By Edward McAllister


Gambia’s President Yahya Jammeh, who initially accepted his defeat in a Dec. 1 election before making a dramatic about-face, will challenge the poll result before the Supreme Court, the ruling party said in a statement.

His loss to opposition candidate Adama Barrow, announced by the elections commission last week and followed by his rapid concession, had sparked hope for change in the tiny West African nation following 22 years of Jammeh’s authoritarian rule.

However, in a moved that drew widespread condemnation from the international community, the mercurial former coup leader on Friday decried “serious and unacceptable abnormalities” and called for fresh polls.

In a statement broadcast on state television late on Saturday, the Alliance for Patriotic Reorientation and Construction (APRC) said it was preparing a legal challenge to the result.

“The statement of APRC chairman Yahya Jammeh on the 9th December was a prelude of a petition that the APRC is in the process of filing before the Supreme Court against the flawed decision of the Independent Elections Commission,” it said.

Under Gambian law, candidates have 10 days starting from the announcement of election results during which to submit a challenge with the court. Monday is a national holiday in Gambia, making Tuesday the final deadline for filing a petition.

Rights groups say Jammeh exerts strong influence over the Supreme Court which for years has been staffed mainly by judges brought in from other common law nations, including Nigeria and Pakistan.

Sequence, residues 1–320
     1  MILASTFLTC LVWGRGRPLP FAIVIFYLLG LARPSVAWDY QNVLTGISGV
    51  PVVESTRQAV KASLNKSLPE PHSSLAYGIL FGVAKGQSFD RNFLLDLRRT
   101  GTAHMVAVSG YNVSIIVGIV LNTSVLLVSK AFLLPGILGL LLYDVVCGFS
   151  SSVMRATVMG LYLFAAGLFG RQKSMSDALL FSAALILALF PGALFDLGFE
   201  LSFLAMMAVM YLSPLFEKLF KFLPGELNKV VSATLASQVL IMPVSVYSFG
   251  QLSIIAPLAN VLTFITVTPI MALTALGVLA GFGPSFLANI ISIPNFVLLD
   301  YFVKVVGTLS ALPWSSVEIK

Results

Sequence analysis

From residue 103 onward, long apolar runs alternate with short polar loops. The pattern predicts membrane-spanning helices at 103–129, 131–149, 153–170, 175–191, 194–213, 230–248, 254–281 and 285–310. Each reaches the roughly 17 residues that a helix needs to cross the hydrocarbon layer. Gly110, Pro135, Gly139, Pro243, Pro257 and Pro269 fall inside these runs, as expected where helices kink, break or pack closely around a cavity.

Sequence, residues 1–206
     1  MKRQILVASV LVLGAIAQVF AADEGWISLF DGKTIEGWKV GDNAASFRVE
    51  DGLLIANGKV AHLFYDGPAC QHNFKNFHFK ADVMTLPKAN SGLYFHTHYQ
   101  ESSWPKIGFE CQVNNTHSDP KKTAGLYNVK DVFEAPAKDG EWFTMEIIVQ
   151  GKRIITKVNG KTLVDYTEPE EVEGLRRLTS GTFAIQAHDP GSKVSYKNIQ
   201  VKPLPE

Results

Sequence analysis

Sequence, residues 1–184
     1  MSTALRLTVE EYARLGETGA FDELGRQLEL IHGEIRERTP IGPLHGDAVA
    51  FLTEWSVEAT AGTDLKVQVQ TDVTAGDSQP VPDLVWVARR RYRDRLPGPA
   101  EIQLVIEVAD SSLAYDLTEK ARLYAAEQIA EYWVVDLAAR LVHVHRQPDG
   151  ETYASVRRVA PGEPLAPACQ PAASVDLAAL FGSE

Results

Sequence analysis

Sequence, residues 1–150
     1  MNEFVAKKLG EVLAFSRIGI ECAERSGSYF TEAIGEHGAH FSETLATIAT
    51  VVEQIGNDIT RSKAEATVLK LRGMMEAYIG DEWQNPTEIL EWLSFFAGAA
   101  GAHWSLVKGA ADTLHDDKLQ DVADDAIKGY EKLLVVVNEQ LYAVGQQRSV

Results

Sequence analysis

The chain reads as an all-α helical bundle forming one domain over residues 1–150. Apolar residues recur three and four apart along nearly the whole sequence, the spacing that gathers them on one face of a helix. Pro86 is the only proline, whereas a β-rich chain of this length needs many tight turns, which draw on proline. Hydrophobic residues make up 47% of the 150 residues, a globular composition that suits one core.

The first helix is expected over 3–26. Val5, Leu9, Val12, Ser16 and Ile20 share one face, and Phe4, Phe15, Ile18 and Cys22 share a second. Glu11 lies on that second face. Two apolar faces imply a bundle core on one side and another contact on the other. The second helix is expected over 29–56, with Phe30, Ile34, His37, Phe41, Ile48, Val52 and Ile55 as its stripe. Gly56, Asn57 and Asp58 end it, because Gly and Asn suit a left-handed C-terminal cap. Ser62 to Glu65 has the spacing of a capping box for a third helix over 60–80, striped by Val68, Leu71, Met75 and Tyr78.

Jammeh’s belated objections to the poll results followed a correction by the elections commission this week which reduced Barrow’s margin of victory to fewer than 20,000 votes.

Barrow, who has pledged to serve as a transitional leader and step down after three years, said on Saturday that Jammeh had no constitutional authority to reject the poll results.

The residence in the capital Banjul where Barrow was staying on Sunday was surrounded by around 30 unarmed supporters who said they were providing security after the police and military declined to protect him.

The head of the Gambian army pledged his allegiance to Barrow last week, however a regional diplomatic source who said he’d spoken to the president-elect told Reuters he did not feel safe.

“He asks that the international community ensure his security because he feels threatened,” said the source, who asked not to be named.

Barrow declined to speak to Reuters on Sunday, but Omar Jallow, head of the People’s Progressive Party which backed Barrow in the election, said Jammeh’s actions were “nothing more than a coup d’etat.”

“We will not accept anything less than Adama Barrow being sworn in … We will not take this lying down,” Jallow said.

Jammeh has long had a troubled relationship with the international community due to accusations of human rights violations including the repression of political opposition and threats of violence and death against homosexuals.

His U-turn on Friday provoked immediate condemnation from the United Nations, the African Union, the European Union and the United States.

“The will of the Gambian people, freely expressed in exercise of their franchise, must be respected by all without precondition,” said Liberia’s President Ellen Johnson Sirleaf, who currently chairs the West African regional bloc ECOWAS.

(Additional reporting by Diadie Ba in Dakar; Writing by Joe Bavier; Editing by Andrew Heavens and Raissa Kasolowsky)

Source: Reuters